EDMONTON RADIO: K-97 billboard banned for ‘gratuitous’ use of breasts

All the racy billboards K-97 has gotten away with over the years and “Pray for More Rain” is the one that gets banned?!

That’s the scoop from Advertising Standards Canada (ASC), which has deemed the image of a large-breasted, fully-clothed woman as “offensive” and “gratuitous” and in violations of clauses 14C and D – heh, heh, D – of the Yada Yada Act.

The offending billboards have already been replaced with new ones (below).

Why this and not other more “offensive” K-97 ads? Citizens may recall the station’s controversial “­__CK YOU” billboards in the spring where the READER was the one who filled in the profanity. It obviously stood for ROCK YOU. Three years ago, Terry Bill and Steve caused an uproar by appearing (apparently naked) with the slogan “See? … They’re Nuts!”

There have been more, and no official uproar beyond the usual citizen complaints. This is different – and program director James “Gruff” Gushnowski actually agrees with the ASC that “the billboard itself really has nothing to do with the Terry Bill and Steve morning show. We just thought it was funny. We try to push the envelope. It was tongue in cheek.”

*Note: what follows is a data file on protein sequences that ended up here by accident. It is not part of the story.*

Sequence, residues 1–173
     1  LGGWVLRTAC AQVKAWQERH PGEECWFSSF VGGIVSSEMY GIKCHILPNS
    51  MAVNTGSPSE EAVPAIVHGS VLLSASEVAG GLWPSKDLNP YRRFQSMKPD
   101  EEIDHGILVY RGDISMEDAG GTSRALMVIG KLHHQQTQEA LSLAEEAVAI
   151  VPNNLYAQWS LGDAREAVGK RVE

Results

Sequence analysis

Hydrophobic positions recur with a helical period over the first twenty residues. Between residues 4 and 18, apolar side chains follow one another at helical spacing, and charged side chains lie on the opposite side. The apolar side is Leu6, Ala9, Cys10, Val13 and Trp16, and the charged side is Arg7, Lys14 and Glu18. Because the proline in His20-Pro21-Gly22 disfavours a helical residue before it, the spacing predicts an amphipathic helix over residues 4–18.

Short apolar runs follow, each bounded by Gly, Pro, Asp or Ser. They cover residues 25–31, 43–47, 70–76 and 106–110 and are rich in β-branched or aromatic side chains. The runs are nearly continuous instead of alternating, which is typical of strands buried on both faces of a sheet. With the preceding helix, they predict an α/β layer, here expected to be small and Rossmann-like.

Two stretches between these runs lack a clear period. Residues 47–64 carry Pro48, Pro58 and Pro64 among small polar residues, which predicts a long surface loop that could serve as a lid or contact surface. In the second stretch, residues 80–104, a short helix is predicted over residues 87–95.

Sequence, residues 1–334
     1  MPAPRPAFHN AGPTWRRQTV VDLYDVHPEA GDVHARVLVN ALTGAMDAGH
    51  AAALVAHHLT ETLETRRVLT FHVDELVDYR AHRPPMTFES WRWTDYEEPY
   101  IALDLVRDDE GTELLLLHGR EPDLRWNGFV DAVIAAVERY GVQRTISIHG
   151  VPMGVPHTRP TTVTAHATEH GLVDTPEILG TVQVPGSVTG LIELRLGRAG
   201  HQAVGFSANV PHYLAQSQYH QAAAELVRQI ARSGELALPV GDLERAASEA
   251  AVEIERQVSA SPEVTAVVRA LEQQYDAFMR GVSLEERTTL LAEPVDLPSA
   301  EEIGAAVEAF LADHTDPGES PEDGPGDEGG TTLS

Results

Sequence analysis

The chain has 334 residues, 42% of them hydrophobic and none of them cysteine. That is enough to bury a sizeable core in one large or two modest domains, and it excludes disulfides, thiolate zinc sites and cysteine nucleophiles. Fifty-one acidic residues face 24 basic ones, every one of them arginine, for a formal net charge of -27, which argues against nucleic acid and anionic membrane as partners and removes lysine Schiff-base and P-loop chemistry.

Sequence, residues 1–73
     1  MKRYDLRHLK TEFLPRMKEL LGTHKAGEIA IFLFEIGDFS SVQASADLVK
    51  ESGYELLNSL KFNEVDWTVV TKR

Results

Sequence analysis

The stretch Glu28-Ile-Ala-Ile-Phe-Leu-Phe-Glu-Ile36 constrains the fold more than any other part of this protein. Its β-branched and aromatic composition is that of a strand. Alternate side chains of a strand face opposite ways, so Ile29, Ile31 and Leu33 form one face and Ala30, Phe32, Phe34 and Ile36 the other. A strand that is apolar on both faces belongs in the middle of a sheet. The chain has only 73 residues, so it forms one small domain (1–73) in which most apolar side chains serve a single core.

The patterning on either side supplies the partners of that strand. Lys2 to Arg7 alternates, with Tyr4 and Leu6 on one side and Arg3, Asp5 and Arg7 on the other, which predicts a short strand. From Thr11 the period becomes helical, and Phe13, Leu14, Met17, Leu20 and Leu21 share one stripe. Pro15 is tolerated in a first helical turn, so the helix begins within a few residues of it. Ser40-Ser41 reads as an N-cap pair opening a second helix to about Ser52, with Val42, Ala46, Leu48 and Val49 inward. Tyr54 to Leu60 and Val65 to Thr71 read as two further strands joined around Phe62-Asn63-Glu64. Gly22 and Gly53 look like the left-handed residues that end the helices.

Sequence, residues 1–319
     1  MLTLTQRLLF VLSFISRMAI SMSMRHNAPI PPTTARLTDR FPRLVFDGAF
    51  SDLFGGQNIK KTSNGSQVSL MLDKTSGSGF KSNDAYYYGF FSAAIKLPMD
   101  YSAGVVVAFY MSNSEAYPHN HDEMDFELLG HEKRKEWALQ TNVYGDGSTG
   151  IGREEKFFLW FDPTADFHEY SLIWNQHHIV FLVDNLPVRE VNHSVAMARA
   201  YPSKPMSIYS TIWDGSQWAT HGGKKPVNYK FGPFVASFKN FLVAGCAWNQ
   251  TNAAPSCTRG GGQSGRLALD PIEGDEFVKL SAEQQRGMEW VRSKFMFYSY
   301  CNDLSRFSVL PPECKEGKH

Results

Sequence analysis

Gruff says the ASC actually has no legal authority to force anyone to do anything, though no broadcaster that he knows of has ever defied this self-governing advertising watchdog. “They really have the best interests of the public at heart,” he says, adding that it’s it’s the CBSC (Canadian Broadcast Standards Council), which K-97 is a member of, and of course CRTC that radio stations have to watch out for.

Allegations of sexism that might hurt other radio stations doesn’t seem to have an effect on K-97, and in fact stories like this are just more free promotion. In short, they’re NOT going for the female audience.The number of female listeners “varies from months to month. There are some months that are solid and other months that they drop right off,” Gruff laughs. “Was it something we said? Probably.”

The other question that comes out of this is: how effective are billboards for radio, really? Answer: Very. Ask Rawlco, which runs Now! and Up!, and has pumped millions into billboard campaigns – the reward being two of the top-rated radio stations in town (which is another story). As it applies to Edmonton’s venerable classic rock station, Gruff says the Terry Bill and Steve Show was ranked in the spring as the No. 1 morning show for people aged 25-54 – males AND females.

So they must be doing something right. Or wrong, anyway.